MINFORD — A plan that’s been over a year in the works finally came to fruition for Minford senior Hannah Tolle.
In a Twitter announcement just prior to the start of her junior season, Tolle announced that she would be continuing her education and softball career at Fairmont State University located in Fairmont, West Virginia.
Over a full year later, those plans became a reality — as Tolle recently signed her national letter-of-intent to become a Falcon.
Fairmont State is an NCAA Division II institution that competes in the Mountain East Conference — alongside opponents such as West Virginia State, Urbana, Charleston and others.
“Signing my letter-of-intent meant that I am about to start a whole new life four hours away and I will be playing the sport that I fell in love with when I was eight years old,” Tolle said. “It’s like a dream come true.”
Located 21 miles southwest of Morgantown (W. Va.), Fairmont State has an enrollment of around 3,800.
Upon enrolling at Fairmont State, Tolle plans to earn a bachelor’s in nursing degree with plans to work in the field of intervention radiology nursing.
“Fairmont State has a beautiful campus, and the coaching staff and players were so welcoming when I first went there for a camp,” Tolle said. “The university also has the best nursing program in West Virginia, which was also a big reason as to why I chose to go there.”
And, as if the above selling points weren’t appealing enough, Minford is similar to Fairmont State in the fact that both places have a “Falcon” for their mascot, making the transition from “Falcon to Falcon” seem seamless.
“I have put so much of my time into softball and being able to finally see my work pay off is just amazing. I get chills every time I think about going to the college of my dreams and playing the sport I love,” Tolle said. “I’ll miss everyone here in Minford and everyone has a special place in my heart. There is so much more I could say but I can’t even think of the right words to explain everything. I’m going from a Minford Falcon to a Fairmont Falcon. Once a Falcon, always a Falcon.”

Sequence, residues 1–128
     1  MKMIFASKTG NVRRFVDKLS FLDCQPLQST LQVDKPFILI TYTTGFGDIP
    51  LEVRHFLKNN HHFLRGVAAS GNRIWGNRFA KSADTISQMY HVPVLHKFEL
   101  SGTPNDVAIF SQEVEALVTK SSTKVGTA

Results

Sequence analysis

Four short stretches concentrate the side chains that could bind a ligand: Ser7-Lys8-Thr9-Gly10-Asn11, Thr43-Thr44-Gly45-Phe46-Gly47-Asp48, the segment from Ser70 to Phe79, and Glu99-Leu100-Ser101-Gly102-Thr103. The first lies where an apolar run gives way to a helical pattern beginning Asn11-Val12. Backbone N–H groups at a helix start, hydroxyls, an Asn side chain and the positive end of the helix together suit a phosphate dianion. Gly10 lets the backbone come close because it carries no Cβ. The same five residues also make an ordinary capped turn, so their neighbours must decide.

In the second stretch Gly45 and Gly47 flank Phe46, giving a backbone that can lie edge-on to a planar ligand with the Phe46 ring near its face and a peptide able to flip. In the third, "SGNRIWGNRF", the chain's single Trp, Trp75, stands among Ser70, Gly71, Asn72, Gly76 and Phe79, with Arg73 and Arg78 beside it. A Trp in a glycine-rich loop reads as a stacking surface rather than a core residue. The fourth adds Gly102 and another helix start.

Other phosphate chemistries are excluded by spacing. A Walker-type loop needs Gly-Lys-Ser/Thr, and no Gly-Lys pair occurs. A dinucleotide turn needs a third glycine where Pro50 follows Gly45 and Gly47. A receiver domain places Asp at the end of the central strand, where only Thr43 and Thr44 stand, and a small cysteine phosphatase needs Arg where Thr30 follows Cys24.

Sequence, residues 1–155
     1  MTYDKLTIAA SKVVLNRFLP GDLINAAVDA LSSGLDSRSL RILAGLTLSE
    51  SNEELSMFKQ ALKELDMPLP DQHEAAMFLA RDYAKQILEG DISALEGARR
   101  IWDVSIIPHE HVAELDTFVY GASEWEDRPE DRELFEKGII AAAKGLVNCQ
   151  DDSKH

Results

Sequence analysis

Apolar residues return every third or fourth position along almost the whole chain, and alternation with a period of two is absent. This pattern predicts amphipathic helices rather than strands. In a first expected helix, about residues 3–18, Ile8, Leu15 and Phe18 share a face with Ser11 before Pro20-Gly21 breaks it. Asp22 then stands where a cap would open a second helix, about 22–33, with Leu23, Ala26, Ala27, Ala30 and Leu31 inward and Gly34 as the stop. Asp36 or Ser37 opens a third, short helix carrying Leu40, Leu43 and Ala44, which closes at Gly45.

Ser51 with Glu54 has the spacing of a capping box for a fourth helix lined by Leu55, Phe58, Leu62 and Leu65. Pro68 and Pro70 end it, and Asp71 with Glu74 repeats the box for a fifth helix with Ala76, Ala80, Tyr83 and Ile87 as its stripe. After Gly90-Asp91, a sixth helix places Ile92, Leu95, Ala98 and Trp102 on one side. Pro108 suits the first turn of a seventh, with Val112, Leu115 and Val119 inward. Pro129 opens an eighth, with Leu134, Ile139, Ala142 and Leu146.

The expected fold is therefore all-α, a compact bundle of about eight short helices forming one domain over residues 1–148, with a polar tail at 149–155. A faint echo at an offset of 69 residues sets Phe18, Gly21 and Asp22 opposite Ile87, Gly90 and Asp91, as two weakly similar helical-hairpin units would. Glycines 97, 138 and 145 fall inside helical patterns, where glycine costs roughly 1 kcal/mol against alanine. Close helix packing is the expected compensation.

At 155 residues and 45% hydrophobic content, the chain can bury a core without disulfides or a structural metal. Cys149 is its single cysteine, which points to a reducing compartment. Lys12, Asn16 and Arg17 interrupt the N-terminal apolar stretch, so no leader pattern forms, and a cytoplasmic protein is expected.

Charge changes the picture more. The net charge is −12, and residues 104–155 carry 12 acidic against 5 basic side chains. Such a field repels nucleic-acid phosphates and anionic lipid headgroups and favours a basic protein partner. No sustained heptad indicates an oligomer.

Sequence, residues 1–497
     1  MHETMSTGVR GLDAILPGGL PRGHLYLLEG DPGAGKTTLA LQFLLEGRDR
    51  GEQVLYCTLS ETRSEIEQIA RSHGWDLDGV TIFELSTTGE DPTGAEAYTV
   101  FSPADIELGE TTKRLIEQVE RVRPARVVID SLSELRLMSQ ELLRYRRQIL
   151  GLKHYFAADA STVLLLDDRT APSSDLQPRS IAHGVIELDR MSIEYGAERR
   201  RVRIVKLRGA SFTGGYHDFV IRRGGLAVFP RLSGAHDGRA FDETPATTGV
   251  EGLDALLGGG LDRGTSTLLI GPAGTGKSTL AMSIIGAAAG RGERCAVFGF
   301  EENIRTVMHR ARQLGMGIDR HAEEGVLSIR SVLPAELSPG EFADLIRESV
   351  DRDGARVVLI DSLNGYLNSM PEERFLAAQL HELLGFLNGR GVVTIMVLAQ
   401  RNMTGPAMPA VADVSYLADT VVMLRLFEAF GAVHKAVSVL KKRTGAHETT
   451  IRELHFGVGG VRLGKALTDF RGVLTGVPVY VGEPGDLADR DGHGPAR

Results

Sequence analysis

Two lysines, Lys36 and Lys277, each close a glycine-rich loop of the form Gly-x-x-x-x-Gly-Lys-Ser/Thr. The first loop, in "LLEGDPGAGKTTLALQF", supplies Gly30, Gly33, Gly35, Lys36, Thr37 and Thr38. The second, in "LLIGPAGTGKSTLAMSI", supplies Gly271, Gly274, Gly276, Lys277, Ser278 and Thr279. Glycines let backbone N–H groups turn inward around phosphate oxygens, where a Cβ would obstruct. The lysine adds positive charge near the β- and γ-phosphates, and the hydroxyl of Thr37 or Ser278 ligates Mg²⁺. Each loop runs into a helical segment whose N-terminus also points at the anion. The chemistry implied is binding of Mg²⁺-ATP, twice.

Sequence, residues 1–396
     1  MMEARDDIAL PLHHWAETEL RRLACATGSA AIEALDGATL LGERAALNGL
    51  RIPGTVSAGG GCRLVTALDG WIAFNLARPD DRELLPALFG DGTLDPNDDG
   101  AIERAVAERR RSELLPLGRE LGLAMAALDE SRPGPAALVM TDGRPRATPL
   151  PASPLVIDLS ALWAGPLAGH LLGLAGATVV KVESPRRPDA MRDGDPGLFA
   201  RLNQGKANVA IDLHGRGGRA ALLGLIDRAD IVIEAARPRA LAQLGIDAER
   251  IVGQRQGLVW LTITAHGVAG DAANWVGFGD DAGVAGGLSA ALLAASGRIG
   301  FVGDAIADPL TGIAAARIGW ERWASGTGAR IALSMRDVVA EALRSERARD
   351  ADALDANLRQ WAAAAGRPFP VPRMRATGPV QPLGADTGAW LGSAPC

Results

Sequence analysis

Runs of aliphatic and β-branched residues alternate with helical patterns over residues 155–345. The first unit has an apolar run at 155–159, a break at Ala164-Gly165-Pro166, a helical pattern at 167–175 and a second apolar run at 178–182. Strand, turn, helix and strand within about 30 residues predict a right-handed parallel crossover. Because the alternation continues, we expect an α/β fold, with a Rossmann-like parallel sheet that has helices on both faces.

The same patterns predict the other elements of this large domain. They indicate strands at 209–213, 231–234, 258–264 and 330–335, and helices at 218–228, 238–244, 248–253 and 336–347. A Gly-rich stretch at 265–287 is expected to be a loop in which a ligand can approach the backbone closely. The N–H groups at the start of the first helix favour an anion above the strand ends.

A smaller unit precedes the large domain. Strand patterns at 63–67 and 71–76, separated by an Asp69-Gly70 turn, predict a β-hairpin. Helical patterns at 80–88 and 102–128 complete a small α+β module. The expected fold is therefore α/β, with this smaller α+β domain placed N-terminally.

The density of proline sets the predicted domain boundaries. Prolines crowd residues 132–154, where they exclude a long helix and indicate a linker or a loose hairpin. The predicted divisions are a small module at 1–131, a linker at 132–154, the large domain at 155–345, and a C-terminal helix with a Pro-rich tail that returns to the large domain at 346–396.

Tolle’s accomplishments are staggering as the hard-hitting, multi-purpose player has already broken the Minford softball records for home runs in a season AND home runs in a career — both before her final year of play.
However, she remains one of hundreds of Scioto Countians and one of thousands of Ohioans whose senior spring sports season is in flux due to the ongoing coronavirus pandemic.
Ohio Governor Mike DeWine announced Monday that all of the state’s (K-12) schools would remain closed through at least May 1, in an attempt to follow federal social distancing guidelines.
In an accompanying move, the Ohio High School Athletic Association announced that its currently-postponed spring sports season would also be postponed until at least May 1.
A four-year varsity player in soccer, basketball and softball during her time at Minford, the impact of decisions such as these impact players like Tolle, who have literally put their life into sports — even though the decisions may be for the best for public health concerns.
“All good things come to an end. I have grown up with these girls and being able to play with them throughout my career has been amazing. Minford High School has truly led me to where I am today and I couldn’t be more thankful for that,” Tolle said. “From the practices we already had, I can tell that this season was going to be amazing and fun, and I believe we will be able to have a successful run if we’re given the opportunity.”
Reach Jacob Smith at (740) 353-3101 ext. 1930, by email at [email protected], or on Twitter @JacobSmithPDT © 2020 Portsmouth Daily Times, all rights reserved